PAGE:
Dancers’ lifts evolve organically within the piece’s swirling form, as with Sujin Han’s horizontal dive across Keaton Leier’s chest, which sends the couple spinning. Later in their duet, she takes the movement to the next level, gliding over Leier’s shoulder. A final lift caps the sequence with Han’s full revolution on Leier’s shoulders and fan kick at the top of the lift. Lubovitch’s sophisticated craft sets a high bar for the evening’s subsequent works.
Rhythm again is a driving force in Tuplet. As with Ekman’s Cacti, which Atlanta Ballet has produced twice, Tuplet features Ekman’s acute sense of comic timing in an edgy Europeancontemporary style.
Recalling Cacti, six squares of down light defines the front of the stage while rectangular film projections appear behind — a close-up of people’s mouths articulating rhythmic syllables, and a pair of hands, in front of a bare navel, tapping rhythms.
Dancers pat out rhythms on the floor and on their bodies. Against a white cyclorama, a black-silhouetted solo male figure seemingly improvises to vocalized rhythmic syllables — his hip and shoulder isolations sending his body into torques and twists. Short vignettes offer jokes and punch lines — Miguel Montoya dances a few ballet steps and is then shot down to a voice-over “Thank you” and quick blackout. A nod to Cuban drumming sends the mind musing on the rhythms of life.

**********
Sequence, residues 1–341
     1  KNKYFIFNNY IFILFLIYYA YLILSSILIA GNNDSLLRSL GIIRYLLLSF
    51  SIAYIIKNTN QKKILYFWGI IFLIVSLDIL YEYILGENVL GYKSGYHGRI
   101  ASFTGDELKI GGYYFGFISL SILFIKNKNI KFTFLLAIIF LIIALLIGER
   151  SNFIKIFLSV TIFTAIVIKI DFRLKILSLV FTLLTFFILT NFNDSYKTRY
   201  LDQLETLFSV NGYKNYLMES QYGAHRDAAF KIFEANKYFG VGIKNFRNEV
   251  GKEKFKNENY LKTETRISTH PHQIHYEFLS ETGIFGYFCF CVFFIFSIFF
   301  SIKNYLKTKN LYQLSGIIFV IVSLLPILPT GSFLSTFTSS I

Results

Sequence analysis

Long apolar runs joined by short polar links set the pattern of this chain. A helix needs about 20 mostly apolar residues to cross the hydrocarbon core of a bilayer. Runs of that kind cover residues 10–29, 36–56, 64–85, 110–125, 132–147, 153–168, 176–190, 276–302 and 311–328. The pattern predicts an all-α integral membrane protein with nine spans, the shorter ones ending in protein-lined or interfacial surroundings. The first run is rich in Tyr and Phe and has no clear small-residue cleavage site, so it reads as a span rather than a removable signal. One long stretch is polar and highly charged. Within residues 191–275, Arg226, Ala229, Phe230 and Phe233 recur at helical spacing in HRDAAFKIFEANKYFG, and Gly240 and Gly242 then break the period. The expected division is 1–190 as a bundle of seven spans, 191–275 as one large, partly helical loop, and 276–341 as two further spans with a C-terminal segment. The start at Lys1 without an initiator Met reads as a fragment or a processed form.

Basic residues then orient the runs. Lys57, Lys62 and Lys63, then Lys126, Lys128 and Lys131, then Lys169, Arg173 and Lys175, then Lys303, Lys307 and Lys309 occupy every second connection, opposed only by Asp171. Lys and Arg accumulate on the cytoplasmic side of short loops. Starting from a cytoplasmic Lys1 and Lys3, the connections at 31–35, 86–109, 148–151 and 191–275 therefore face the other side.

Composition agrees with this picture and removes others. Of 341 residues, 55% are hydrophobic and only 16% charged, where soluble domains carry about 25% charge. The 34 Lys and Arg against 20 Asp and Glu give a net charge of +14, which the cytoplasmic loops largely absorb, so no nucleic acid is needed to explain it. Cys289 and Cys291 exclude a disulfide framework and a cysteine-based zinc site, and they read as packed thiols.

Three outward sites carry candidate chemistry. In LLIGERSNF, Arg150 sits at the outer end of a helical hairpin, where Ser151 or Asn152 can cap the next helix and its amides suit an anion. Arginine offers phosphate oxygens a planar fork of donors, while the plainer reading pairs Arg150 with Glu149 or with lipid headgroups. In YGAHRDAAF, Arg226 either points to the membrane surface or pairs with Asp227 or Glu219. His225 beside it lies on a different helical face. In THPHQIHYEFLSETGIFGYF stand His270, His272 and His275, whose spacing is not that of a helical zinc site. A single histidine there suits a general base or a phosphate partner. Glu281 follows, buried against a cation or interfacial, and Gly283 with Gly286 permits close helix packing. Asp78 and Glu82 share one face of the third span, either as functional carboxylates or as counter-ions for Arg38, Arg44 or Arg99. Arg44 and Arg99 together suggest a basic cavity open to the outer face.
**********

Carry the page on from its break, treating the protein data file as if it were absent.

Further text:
Though Tuplet doesn’t carry the weight that Cacti did, it showcases the contemporary dance chops of Nash, Montoya and Nadia Mara, among its entire accomplished cast.
The intent behind Sunrise Divine — a collaboration between choreographer Dwight Rhoden and composer Kevin P. Johnson, music director of the Spelman College Glee Club, which is performed alongside the Golden Gate Singers and notable soloists — is to attract more African Americans to the ballet. And it seems to have succeeded. The ballet’s audience — usually predominantly white — was more racially balanced than usual on this night. Unfortunately, Rhoden’s hard-driving vocabulary rarely finds a groove with Johnson’s score of African American spirituals, jubilee and gospel music, except through dancer Jordan Leeper, whose visceral and soulful performance is the choreography’s saving grace.